This post was written by Nick Szugye, a resident at Cincinnati Children’s, and it answers several common questions that arise when approaching lacerations of the lip.

What are some of the most important anatomic and technical considerations when repairing a lip laceration?

  • Be aware that the layers of the lip (see figure below) must be well aligned and brought together. Always align deep layers first obviously.
  • Close approximation is important, but the sutures shouldn’t be too tight as to pucker the skin.
  • Close approximation of the vermilion border is the key to a good cosmetic repair. Remember, the human eye can see even 1mm of misalignment at the lip.
  • Use absorbable suture if possible- especially if removal will be challenging
    • For deep sutures this can be 5-0 or 6-0 chromic gut
    • Superficial sutures 6-0 fast absorbing gut or 6-0 Prolene. Note though that there may be a higher rate of dehiscence for fast gut. If you think that the child will bite at or lick the suture choose non-absorbable.
  • Irrigate the wound with 100 ml Normal Saline per cm of laceration
  • Do not close primarily if there is a sign of infection or if the wound is older than 24 hours (ideally 12 hours)
  • Be aware that lidocaine plus epinephrine (injection or LET) can cause blanching that may obscure your landmarks. However it is completely safe to apply LET to the lip. Regional blocks (submental or infraorbital can be used, but in lacerations close to the midline a bilateral block may be necessary)
  • Consider oral flora coverage with antibiotics for lacerations caused by an animal bite or if it extends intraorally

What about those lacerations that involve the vermilion border?

There are two things to consider when encountering vermillion-cutaneous border lacerations:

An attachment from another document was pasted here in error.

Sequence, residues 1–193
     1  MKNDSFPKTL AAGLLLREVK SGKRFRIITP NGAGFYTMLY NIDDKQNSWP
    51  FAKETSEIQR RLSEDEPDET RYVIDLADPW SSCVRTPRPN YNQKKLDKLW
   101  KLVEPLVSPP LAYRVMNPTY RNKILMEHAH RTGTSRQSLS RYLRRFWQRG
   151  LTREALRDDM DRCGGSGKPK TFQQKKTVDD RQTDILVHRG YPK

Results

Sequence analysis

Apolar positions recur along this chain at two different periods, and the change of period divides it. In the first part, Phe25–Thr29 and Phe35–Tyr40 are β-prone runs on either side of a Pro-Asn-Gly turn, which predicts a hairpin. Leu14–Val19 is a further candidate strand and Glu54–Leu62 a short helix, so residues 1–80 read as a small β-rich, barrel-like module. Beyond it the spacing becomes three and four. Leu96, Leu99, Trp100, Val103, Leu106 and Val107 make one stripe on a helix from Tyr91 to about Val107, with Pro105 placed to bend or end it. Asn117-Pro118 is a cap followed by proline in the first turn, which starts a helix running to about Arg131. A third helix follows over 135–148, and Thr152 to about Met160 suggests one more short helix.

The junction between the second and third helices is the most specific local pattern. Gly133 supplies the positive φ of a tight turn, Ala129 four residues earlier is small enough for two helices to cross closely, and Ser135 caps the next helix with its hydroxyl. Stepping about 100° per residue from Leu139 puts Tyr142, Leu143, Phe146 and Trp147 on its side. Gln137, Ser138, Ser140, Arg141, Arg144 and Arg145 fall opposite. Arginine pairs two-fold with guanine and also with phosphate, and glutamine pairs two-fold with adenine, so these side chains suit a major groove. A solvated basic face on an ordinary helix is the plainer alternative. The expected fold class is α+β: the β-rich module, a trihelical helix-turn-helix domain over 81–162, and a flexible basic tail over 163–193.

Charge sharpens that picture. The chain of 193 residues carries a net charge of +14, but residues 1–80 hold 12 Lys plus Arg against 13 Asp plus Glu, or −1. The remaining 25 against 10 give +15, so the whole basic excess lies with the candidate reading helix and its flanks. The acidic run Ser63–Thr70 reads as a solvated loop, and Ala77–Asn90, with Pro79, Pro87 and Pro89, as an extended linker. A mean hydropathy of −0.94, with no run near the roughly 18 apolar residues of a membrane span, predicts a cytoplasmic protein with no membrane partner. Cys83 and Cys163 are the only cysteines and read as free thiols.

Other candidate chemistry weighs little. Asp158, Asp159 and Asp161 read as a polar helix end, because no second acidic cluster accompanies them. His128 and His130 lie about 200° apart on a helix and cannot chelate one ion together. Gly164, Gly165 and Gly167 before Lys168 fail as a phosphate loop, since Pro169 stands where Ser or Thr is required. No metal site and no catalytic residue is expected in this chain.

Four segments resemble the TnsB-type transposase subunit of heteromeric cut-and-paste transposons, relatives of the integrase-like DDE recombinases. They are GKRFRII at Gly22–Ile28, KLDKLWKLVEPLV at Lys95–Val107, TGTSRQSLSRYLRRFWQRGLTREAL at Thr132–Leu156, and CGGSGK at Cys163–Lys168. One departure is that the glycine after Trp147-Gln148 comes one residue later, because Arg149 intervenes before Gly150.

1. First, place deep sutures for through-and-through lacerations, or those that are in the deep dermis/muscle layer to bring the tissue together. Deep sutures will decrease wound tension and make it harder for the wound to experience dehiscence if the child chews out one of the external sutures.

From Trott et al Principles and Techniques of Minor Wound Care

  1. Place the first superficial stitch is always at the level of the vermillion border (or 1 mm adjacent). Make sure that the vermilion border is well aligned before placing any other stitches. Consider marking with a fine tip pen at each side of the laceration right at the vermilion border.


When should you consult a Plastic Surgeon?

  • Tissue Loss/Devitalized Tissue
  • Complex laceration (if you anticipate > 30 minutes to repair)
  • Dental injury
  • Signs of facial fractures or mandibular fracture
  • Facial nerve injury (be sure to do a cranial nerve exam!)

Which patients require sedation?

Remember, the two main considerations are pain control and anxiolysis. The choice of sedation depends upon many factors.

  • Midazolam can be your friend. Use for children to help facilitate local anesthesia. A dose of 0.7 to 0.8mg/kg (max 20mg) is appropriate for a child who is a toddler or preschooler.
  • Use moderate/procedural sedation (ketamine) if:
    • Repair will take > 30 minutes
    • If the child will not be able to hold still with minimal physical restraint
    • The wound is extensive or complex (includes multiple wounds)
  • Always, always use a holder!

What should I include in the discharge instructions?

  • Soft diet for 2-3 days
  • Follow up for suture removal in approximately 5 days
  • Make sure the child doesn’t chew on the sutures (or suck their thumb, use a pacifier etc,.) until the local anesthetic has worn off.


Parlin LS. Repair of Lip Lacerations. Pediatrics in Review 1997; 18(3): 101-102

Singer AJ, Hollander JE, Quinn JV. Evaluation and management of traumatic lacerations. N Engl J Med 1997; 337:1142.

Grunebaum LD, Smith JE, Hoosien GE. Lip and perioral trauma. Facial Plast Surg 2010; 26:433.